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Home » Santa Clarita News » Candidates File Final Papers For June Election

Candidates File Final Papers For June Election

vote-button1_copyThe filing period for candidates hoping to get your votes in the June 5 Primary Election closes at 5 today, and several of your neighbors – and some people you may have never heard of – are ready to start the battle for public office.

Since California voters approved an Open Primary in 2010, the two final contenders for partisan offices need not be of opposing parties; instead, the two candidates with the highest number of votes would be matched against each other in the decisive election in November. For nonpartisan offices, if one candidate gets 51 percent of the vote, there is no runoff election; this rule does not apply in partisan contests.

 


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Contending for the 25th Congressional district seat is the incumbent, Buck McKeon; challenged by Republican Dante Acosta, a local financial consultant and Democrat Laura Molina, who is an artist. Candidate Lee Rogers, a Democrat who has been running an active campaign, had not yet filed, but the County Registrar/Recorder’s office said that several candidates were waiting until the last minute to turn papers in.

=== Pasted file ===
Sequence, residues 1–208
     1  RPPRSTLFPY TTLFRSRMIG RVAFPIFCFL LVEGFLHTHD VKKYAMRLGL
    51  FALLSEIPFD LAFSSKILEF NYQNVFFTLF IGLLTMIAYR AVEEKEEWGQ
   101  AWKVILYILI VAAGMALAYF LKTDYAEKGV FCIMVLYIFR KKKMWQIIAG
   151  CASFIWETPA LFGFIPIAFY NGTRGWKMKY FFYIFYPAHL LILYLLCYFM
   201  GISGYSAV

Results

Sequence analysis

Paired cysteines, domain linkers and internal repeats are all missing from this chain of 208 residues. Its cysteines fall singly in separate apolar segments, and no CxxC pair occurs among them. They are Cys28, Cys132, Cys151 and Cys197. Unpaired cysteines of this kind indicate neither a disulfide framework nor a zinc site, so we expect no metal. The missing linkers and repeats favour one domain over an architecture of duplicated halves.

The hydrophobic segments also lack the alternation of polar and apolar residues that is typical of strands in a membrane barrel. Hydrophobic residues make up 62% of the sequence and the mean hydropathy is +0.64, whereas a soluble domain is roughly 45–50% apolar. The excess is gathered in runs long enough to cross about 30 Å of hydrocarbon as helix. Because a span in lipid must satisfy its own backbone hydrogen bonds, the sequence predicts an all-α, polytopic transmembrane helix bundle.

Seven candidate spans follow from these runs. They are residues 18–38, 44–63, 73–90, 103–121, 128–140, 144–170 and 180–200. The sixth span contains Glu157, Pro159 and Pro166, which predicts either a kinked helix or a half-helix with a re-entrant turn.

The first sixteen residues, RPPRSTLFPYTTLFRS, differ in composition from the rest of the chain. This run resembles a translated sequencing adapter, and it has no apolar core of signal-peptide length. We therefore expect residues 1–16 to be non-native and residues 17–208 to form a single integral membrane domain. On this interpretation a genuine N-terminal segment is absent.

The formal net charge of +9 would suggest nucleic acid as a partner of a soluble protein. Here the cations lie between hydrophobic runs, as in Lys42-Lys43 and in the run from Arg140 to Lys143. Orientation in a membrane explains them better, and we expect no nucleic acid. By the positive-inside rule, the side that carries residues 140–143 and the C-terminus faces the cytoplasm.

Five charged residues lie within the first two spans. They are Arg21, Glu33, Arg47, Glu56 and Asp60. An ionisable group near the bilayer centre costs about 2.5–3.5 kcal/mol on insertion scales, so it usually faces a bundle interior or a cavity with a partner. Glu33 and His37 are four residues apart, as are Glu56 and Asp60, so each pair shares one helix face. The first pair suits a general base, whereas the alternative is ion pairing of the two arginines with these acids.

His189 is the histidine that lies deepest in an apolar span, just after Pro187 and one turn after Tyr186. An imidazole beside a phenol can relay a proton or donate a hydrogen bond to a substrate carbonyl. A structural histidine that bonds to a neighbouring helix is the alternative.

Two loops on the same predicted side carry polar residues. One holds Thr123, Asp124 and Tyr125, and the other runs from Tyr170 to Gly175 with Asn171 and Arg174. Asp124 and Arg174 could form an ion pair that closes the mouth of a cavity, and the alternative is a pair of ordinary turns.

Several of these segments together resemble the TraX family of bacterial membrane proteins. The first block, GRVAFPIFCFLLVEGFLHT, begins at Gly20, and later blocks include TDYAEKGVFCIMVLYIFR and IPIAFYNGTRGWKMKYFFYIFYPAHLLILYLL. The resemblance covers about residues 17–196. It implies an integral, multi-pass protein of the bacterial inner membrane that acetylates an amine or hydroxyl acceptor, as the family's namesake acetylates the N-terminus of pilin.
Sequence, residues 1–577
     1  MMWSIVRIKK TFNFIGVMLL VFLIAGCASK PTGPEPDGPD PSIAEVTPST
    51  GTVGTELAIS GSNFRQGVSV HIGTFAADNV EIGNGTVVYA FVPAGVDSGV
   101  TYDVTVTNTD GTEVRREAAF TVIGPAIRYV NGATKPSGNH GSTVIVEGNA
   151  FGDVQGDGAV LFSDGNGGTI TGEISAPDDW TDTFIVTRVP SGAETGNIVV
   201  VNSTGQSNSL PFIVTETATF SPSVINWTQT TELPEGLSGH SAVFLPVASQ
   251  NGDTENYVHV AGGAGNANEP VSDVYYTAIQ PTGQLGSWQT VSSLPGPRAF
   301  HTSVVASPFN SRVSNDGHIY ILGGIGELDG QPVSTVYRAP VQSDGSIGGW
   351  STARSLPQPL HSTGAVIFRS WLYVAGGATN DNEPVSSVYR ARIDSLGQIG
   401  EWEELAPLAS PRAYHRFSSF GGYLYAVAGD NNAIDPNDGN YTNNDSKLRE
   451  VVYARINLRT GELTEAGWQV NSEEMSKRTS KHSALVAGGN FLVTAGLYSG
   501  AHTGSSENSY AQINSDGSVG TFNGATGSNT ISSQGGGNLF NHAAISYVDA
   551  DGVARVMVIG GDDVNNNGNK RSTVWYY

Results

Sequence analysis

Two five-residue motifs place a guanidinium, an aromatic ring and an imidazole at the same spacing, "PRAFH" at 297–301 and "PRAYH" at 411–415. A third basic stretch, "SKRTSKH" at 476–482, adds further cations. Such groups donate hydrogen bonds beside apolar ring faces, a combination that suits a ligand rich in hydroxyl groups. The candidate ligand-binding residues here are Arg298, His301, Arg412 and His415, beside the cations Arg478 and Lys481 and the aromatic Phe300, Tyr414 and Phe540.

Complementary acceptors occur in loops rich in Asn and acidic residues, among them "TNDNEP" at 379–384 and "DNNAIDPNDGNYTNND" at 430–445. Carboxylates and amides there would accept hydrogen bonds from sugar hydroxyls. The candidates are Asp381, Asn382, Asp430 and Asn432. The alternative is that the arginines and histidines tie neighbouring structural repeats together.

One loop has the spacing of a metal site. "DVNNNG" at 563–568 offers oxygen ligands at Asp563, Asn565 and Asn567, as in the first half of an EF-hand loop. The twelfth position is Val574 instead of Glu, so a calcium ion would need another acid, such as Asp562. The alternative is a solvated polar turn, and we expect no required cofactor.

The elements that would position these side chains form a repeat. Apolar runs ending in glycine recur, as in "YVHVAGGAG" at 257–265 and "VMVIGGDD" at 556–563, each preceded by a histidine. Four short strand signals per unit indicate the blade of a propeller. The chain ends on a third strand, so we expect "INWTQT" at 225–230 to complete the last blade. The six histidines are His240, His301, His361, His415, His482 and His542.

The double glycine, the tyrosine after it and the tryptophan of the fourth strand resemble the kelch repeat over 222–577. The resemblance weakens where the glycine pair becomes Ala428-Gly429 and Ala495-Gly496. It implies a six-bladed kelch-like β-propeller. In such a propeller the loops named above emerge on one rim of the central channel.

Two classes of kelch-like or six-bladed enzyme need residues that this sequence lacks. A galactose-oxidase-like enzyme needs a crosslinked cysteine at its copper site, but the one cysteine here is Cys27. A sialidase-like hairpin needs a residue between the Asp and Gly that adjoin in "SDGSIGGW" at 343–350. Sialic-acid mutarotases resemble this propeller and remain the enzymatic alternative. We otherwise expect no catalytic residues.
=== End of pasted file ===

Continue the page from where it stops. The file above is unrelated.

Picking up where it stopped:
In the 38th Assembly District, three Republicans  – businesswoman and legislative spouse Patricia McKeon, school board member Paul Strickland and legislative consultant/small business owner Scott Thomas Wilk and one Democrat – small business owner Edward Headington – are in the fray to win that seat.

Another seat of local interest is that of District Attorney; it is a nonpartisan office. Five contenders are going up for the office currently held by Steve Cooley, who chose not to run. They include Los Angeles District Attorney Carmen Trutanich, current Chief Deputy DA Jackie Lacey, gang prosecutor Alan Jackson and Deputy District Attorneys John Breault and Bobby Grace.

Since California voters approved an Open Primary in 2010, the two final contenders for partisan offices need not be of opposing parties; instead, the two candidates with the highest number of votes would be matched against each other in the decisive election in November. For nonpartisan offices, if one candidate gets 51 percent of the vote, there is no runoff election; this rule does not apply in partisan contests.

Let the games begin.

Candidates File Final Papers For June Election

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